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The Auk Volume 124 Number 1 - Editor's Choice and an Announcement

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Michael T. Murphy, Editor


Speciation of Flightless Rails on Islands: A DNA-based phylogeny of the Typical Rails of the Pacific.

Jeremy J. Kirchman


Kirchman provides an extremely interesting, but unfortunately, equally tragic story of the evolution and extinction of flightless rails on isolated islands of the Pacific. Flightless species appear to have evolved repeatedly, and rapidly, throughout the Pleistocene as populations of volant rails budded off on different islands. Kirchman’s phylogenetic analysis of DNA sequences, some of which were obtained from extinct species, shows that several genera named by early taxonomists are unjustified, and suggests that virtually all typical rails of the Pacific should be collapsed into the genus Gallirallus.



Species and Temporal Factors Affect Predator-specific Rates of Nest Predation for Forest Songbirds in the Midwest.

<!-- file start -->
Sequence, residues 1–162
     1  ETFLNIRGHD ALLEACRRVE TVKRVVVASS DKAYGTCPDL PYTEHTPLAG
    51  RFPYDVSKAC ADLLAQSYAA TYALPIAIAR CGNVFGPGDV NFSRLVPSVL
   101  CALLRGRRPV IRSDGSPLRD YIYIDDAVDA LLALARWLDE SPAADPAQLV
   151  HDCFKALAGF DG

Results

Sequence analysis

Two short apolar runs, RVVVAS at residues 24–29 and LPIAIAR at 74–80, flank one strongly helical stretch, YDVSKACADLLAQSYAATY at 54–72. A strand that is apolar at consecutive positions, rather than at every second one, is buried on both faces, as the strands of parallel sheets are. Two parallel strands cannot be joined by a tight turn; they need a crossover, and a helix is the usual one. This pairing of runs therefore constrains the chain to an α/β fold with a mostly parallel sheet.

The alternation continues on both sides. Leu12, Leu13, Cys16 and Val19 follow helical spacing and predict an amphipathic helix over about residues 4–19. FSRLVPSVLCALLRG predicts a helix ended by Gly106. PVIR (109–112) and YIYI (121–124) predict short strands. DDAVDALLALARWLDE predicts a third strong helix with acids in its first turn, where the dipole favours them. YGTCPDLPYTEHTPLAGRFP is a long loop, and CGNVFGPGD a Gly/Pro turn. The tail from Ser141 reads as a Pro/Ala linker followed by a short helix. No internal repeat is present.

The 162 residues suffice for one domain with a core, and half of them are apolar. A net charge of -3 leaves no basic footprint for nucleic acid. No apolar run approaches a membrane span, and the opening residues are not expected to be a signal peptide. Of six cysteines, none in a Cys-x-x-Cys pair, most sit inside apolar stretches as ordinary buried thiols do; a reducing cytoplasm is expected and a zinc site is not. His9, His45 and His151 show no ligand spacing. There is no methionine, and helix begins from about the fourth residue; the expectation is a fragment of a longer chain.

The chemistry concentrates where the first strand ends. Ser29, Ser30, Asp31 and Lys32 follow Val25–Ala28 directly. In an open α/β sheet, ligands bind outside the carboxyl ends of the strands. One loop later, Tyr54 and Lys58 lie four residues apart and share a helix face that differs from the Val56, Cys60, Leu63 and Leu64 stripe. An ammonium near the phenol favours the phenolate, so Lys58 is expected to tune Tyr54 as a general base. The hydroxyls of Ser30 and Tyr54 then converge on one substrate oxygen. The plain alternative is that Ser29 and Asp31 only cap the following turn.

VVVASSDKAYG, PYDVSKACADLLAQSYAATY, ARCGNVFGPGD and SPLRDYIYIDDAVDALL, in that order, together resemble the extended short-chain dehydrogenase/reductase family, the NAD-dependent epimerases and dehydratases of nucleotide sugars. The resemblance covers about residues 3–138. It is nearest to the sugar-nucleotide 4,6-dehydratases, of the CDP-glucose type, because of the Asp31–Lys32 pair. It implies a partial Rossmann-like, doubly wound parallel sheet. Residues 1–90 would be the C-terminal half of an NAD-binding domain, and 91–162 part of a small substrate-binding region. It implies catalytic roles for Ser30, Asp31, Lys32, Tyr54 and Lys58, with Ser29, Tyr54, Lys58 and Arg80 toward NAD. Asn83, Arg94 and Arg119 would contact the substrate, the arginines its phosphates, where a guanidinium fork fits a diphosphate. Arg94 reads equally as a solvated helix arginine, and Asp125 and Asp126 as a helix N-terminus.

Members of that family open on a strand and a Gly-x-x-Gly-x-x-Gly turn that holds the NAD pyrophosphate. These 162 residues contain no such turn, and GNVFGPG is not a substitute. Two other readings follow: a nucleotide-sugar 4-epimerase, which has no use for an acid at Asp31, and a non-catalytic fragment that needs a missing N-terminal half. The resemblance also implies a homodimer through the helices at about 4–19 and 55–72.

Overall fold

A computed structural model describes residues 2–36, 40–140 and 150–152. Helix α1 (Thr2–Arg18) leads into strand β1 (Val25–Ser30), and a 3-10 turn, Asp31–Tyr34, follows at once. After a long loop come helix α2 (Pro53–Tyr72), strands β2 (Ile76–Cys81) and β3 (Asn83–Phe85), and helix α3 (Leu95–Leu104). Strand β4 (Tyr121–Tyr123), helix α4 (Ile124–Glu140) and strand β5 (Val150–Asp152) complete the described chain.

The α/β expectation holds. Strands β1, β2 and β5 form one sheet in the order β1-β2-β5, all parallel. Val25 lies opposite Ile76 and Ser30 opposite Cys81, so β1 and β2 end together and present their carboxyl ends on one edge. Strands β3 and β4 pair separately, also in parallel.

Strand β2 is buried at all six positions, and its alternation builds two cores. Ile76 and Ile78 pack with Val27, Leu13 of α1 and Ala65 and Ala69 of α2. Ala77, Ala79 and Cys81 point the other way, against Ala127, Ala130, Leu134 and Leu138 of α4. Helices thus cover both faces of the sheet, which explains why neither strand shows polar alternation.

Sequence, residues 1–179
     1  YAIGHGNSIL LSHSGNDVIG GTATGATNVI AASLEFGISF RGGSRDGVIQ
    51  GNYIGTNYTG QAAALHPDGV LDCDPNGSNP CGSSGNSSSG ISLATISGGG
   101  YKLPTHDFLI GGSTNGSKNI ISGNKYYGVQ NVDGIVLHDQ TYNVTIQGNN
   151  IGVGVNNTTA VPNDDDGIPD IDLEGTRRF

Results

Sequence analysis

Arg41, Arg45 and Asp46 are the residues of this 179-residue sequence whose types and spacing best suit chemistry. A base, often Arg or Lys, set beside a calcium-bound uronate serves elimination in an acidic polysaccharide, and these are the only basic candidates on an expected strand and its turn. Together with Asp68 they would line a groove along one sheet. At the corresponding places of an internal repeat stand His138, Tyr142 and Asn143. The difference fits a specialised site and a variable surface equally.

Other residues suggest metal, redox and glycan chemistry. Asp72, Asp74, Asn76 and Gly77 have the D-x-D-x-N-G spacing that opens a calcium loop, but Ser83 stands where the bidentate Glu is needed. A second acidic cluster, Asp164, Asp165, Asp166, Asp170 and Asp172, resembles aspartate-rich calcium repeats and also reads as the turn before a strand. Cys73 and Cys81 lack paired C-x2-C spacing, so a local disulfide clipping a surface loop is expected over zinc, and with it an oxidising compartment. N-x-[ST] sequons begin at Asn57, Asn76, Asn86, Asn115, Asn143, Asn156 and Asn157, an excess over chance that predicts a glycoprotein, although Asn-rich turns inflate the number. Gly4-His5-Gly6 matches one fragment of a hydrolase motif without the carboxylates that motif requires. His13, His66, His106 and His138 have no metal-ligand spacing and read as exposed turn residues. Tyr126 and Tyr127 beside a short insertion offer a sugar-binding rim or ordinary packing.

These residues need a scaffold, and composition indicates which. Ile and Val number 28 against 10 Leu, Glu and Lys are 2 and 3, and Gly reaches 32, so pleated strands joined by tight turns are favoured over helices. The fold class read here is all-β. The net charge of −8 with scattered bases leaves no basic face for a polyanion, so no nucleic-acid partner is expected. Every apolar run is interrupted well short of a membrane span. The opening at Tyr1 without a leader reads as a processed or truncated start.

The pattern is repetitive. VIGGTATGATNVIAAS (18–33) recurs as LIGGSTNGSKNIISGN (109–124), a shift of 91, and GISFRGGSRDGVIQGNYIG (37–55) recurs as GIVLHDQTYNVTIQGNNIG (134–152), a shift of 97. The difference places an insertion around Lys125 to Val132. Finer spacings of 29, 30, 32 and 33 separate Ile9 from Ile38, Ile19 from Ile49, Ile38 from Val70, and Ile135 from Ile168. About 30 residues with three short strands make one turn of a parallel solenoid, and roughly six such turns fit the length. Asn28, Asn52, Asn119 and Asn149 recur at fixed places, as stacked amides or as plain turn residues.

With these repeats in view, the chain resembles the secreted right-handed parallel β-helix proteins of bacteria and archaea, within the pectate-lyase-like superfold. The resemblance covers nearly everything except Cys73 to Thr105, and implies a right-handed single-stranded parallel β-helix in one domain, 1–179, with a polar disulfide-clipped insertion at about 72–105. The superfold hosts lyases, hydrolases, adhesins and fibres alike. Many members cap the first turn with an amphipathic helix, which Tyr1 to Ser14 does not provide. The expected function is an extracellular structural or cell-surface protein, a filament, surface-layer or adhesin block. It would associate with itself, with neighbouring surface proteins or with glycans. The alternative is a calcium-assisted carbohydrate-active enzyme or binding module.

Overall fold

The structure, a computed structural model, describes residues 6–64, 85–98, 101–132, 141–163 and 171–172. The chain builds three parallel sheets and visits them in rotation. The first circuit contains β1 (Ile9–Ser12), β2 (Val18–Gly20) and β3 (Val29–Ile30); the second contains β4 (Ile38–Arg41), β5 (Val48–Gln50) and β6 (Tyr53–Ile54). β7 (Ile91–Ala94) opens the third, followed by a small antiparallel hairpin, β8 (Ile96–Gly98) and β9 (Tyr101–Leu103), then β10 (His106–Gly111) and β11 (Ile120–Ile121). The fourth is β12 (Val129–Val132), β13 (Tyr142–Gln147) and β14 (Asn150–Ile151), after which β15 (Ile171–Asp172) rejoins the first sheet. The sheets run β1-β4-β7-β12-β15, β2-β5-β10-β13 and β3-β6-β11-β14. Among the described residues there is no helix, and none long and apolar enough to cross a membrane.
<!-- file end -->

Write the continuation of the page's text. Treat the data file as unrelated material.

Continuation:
W. Andrew Cox, Frank R. Thompson III, and John Faaborg


Many studies of nest success exist, but relatively few have quantified the relative contribution of different potential nest predators to nest losses. Using ~90,000 hours of video data recorded over five years at eight sites within the Midwest, Cox et al. show that birds were the primary nest predators of Indigo Bunting (Passerina cyanea) and Acadian Flycatcher (Empidonax virescens) nests, followed by snakes, and then mammals. The high proportion of nest destroyed by raptor and nonraptor species of birds was, for me, surprising, and highlights the need for more studies that provide definitive information on sources of reproductive failure in birds.




Observer Effects and Avian-Call-Count Survey Quality: Rare-Species Biases and Overconfidence.

Robert G. Farmer, Marty L. Leonard, and Andrew G. Horn


Readers of the online version of this article are welcome to listen to audio files that the author submitted with his article. The Auk now accepts multimedia files with regular manuscript submissions. (This material will not be available to readers who have elected to receive only the print journal). Appropriate multimedia include song recordings or short film sequences that, for instance, highlight behaviors or possibly methods that are unique, or other materials such as Google mapping, zoomable images, and interactive Flash content that are otherwise impossible to present textually but that substantially enhance the manuscript. The materials will be archived indefinitely by University of California Press and are therefore intended to be permanently available to future readers. There are no additional charges associated with this publishing option.

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